“What are we going to do about Jeremy?” His father asked.
“Why, dear, he’s only a boy full of imagination. There’s no real harm in him?” his Mother replied philosophically.
“That’s fine you saying that, but it wasn’t your bathrobe he stole and then dragged through the mud. I think you encourage him. You let him keep that pet rabbit. You should have made him release it back into the woods. You indulge him too much.”
“Oh, Dear. Can’t you remember being young yourself? Didn’t you have adventures? Climb trees? Look for buried treasure?”
“Yes, but I grew out of it and it’s high time Jeremy did too.”
“He’s only eight years old, for goodness sake! What would you have me do? Put him on a strict dietof boiled cabbage to curb his enthusiasm? Send him away to boarding school? As if we can afford that sort of thing.”
“No, I suppose not. I think we should both be a bit more watchful of him in future though. We can only guess what the little rascal’s going to get up to tomorrow on his school field trip.”
Jeremy woke the next day full of his natural exuberance and ecstaticat the thought of going to the seaside on his school trip, and blissfully unaware that his parents were watching him very carefully.
The school bus stopped at the entrance to the park where he lived, just like every normal school day, except this day, instead of everyone wearing their drab Navy and brown school uniforms, they were wearing clothes in a kaleidoscope of bright colours. Jeremy wore his favourite bright mustard coloured pullover, blue shorts and his lucky red hat. In his rucksack, his Mother had made him cheese and marmalade sandwiches, his favourite, and he had a bottle of blackcurrant squash. He liked to pretend he was drinking fine red wine, like the Knights of old, only he hadn’t managed to find anything that looked like a goblet or a flagon. Drinking out of an ordinary bottle was going to have to do.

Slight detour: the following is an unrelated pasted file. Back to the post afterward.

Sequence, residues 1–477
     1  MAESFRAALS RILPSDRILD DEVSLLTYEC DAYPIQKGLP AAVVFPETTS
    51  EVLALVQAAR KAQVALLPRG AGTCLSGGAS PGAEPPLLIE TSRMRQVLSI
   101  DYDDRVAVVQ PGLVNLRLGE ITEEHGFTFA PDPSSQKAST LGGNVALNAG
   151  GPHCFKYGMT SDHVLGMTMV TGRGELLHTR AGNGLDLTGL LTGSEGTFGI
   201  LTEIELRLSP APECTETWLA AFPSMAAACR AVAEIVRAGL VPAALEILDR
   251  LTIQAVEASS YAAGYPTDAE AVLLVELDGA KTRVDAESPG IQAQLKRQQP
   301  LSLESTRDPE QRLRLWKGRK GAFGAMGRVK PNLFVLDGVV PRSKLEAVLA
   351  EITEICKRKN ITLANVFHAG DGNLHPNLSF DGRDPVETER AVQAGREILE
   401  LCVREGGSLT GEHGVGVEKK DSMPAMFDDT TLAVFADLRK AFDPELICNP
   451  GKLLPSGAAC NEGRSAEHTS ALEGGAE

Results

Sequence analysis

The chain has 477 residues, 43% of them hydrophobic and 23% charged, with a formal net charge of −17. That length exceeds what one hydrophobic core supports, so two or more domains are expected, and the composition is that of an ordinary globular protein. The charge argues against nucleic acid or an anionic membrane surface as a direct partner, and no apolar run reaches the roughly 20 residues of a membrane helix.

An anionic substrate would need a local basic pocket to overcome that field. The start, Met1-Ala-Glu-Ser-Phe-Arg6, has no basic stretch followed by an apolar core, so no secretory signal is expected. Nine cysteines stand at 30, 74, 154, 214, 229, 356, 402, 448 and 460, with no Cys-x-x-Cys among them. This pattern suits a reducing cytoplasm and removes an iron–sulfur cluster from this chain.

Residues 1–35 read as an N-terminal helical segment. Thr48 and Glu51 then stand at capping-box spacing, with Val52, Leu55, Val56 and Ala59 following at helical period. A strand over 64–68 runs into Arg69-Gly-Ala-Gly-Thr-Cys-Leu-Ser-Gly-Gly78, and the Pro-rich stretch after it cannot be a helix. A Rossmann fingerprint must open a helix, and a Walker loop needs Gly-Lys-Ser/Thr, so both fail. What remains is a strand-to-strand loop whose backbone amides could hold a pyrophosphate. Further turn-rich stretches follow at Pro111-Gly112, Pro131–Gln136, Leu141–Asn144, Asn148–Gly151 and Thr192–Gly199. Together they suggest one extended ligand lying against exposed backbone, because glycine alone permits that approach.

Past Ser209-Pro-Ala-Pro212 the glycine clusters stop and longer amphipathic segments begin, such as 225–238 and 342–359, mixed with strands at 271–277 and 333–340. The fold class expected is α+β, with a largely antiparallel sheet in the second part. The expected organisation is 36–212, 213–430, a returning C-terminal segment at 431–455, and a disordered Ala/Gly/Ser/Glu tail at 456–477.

As the bus pulled away with their little boy on it waving from the rear window, Jeremy’s parents couldn’t help worry about what he was going to get up to.
They were relieved when at five pm the school bus pulled up outside and Jeremy came running up to them. He was carrying something large in his hands.
“Look Mum!, Dad! I’ve found a magic rock!”.
Indeed, in his hands, he held a dark grey rock, the size of a cricket ball.
“I found this rock on the beach and the Teacher said it was a special type of rock, called an igneous rock.”
Just then, Jeremy tripped and the rock fell from his hands onto the concrete path and cracked in half, like an egg.
When he picked it up, he saw the rock was hollow but growing inside was a collection of purple and yellow crystals, glittering in the afternoon sun.
Jeremy looked up at his parents and said, “See, I told you it was a magic rock!”
Copyright: Kristian Fogarty 24/February/2019
This story was inspired by the following word prompts: